You are not permitted to download, save or email this image. Visit image gallery to purchase the image.
Auckland developer Lloyd Morris has proposed a 17-lot farm park concept for Tarras that would be similar to, but smaller in scale than, those at Hillend Station in Wanaka or Bendemeer at Queenstown.
Mr Morris is a director of Douglas Developments Ltd, which has applied for development consent for about 132ha of farm land on Jolly Rd, about 1.6km northwest of Tarras.
The land is owned by Bells Lane Holdings Ltd.
Submissions on the notified consent application closed on November 19.
A Central Otago District Council communications spokeswoman said a hearing will begin on February 8.
It is understood seven submissions have been received — four supporting and three opposing .
One site would be just over 5503sqm, in accordance with a previously granted consent; 15 sites would range between 1753sqm and 1914sqm, and the balance would be a 130ha farm jointly owned by the lot owners.
Mr Morris said in an interview with the Otago Daily Times the Central Otago district plan standard lot size in the rural general zone was 8ha, so it was possible to get 16 houses on 132ha under a conventional subdivision style.
But after consulting interested potential purchasers, he decided to co-locate the 16 houses together on smaller lots on the highest of three farm terraces, now planted in lucerne.
A single farm operating productively with shared infrastructure was considered a more favourable use of existing resources, Mr Morris said.
There would be no earthworks scarring, productive soils would be retained and there would be a lighter environmental footprint than a conventional 16-lot lifestyle subdivision, he said.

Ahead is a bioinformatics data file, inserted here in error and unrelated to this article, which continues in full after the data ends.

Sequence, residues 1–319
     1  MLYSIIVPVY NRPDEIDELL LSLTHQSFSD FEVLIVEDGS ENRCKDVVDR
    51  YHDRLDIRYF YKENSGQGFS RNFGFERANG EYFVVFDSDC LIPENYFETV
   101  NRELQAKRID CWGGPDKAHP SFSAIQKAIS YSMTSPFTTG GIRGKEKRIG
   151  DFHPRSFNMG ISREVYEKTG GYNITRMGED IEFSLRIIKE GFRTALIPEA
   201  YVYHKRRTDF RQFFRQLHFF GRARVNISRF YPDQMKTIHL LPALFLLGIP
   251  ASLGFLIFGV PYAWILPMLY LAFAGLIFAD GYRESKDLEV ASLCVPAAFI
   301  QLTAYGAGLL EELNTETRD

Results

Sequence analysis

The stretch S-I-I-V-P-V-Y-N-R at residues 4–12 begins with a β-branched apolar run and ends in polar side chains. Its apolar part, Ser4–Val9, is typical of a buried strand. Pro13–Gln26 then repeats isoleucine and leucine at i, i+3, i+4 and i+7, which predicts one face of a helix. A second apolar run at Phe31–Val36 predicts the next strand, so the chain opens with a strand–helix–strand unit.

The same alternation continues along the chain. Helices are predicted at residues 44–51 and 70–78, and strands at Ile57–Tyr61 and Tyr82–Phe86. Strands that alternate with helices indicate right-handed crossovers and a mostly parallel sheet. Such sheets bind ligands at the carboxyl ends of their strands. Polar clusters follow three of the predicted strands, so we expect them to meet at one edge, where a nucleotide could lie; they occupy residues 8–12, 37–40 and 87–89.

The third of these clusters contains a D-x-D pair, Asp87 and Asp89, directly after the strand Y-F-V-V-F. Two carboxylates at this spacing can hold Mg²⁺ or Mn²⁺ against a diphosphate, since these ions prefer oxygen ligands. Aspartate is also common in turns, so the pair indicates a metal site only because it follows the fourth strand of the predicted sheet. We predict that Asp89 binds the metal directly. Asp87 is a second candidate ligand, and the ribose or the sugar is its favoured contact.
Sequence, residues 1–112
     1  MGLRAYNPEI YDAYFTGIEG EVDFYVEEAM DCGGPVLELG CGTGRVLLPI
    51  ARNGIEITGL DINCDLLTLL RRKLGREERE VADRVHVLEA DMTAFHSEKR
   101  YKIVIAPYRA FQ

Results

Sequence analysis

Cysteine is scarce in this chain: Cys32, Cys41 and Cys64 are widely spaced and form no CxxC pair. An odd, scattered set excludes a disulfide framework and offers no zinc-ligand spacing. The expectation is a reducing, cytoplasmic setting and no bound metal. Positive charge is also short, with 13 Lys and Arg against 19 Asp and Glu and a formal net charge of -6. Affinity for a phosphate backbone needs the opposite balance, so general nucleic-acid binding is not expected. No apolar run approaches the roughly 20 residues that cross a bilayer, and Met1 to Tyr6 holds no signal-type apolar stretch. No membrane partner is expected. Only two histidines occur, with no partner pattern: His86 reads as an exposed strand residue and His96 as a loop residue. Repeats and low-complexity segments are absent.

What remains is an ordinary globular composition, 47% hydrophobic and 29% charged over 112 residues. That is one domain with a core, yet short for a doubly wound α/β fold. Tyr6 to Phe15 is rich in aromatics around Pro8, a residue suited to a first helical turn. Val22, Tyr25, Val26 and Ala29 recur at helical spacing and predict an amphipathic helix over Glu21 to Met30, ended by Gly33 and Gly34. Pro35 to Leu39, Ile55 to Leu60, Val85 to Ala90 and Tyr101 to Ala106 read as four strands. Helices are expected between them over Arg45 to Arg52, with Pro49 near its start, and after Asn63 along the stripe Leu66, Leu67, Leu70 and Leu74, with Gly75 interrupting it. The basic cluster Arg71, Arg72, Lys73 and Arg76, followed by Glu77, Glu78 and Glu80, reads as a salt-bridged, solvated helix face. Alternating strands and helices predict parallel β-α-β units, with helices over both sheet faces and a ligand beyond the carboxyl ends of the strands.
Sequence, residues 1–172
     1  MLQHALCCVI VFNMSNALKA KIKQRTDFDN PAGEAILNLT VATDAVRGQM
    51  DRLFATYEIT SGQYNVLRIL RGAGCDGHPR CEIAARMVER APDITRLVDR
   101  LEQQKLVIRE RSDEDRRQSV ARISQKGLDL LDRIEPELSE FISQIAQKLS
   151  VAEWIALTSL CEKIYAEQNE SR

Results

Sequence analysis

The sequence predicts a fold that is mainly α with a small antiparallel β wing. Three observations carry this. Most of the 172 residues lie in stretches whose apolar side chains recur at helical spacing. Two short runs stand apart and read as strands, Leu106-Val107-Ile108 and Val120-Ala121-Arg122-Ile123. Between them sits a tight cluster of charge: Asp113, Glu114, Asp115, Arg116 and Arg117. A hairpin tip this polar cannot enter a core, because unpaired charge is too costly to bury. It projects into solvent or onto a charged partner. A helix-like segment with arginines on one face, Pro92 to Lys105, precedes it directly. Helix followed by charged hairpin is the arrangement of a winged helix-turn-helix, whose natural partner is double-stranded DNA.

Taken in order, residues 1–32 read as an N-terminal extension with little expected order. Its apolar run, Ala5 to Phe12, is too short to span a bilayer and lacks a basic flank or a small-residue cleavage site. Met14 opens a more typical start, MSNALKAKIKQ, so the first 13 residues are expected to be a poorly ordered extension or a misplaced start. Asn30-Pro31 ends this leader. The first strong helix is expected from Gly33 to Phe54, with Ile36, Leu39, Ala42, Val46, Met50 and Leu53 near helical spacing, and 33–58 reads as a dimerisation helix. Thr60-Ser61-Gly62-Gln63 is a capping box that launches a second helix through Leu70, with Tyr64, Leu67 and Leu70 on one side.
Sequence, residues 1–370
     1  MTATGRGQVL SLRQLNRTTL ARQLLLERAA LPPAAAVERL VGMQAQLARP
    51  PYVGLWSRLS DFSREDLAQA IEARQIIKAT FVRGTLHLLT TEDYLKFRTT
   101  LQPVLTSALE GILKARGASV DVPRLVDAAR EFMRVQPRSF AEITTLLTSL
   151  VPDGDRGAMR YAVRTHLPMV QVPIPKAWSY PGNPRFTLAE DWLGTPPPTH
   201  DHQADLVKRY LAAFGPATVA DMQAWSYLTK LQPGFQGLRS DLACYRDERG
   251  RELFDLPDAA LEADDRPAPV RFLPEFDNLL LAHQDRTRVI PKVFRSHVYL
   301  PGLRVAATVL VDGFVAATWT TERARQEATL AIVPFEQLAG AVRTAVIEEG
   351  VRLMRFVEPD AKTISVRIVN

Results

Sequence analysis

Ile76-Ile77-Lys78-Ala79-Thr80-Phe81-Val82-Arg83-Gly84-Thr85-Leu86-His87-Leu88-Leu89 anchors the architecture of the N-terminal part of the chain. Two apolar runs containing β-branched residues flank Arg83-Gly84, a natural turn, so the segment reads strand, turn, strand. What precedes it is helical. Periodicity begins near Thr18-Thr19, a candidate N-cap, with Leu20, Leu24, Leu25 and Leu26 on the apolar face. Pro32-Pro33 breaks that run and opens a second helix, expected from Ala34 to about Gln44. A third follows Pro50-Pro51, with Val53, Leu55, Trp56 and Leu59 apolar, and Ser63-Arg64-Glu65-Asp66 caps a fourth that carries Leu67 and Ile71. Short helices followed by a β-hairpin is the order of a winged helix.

‘‘We didn’t want to lose that farm. It didn’t make sense to us,’’ Mr Morris said.
The terrace is not irrigated.
Mr Morris said any adverse visual effects would be reduced by clustering, setting the houses back from the edges, keeping the houses to single storeys, limiting chimney heights to 7.5m and screen planting.
The existing double hedgeline and shelter belt would act as a screen and provide wind and shade protection. The houses would be ‘‘discreet and difficult to see’’, he said.
There would be room for curtilage activities, such as the ‘‘man shed’’, an orchard or landscaping.
The terrace is above the northern end of Christchurch International Airport Ltd’s proposed airport runway.
Mr Morris confirmed he intended to live on the property and had obtained consent for an airstrip there earlier this year to land his own aircraft.
Tarras was a well-known aviation reporting point from the Lindis Pass into the Central Otago region. Agricultural topdressing, helicopters frost control and personal transport were quite common in the area, he said.
Mr Morris said the case for the Tarras airport was ‘‘fairly contentious’’. He believed his airstrip and the airport could not co-exist.
Mr Morris has applied for a 10-year consent period and a staging condition so he can be flexible with construction.
Each lot owner must apply for consent for their building platform, giving the council a chance to address the effects of specific development.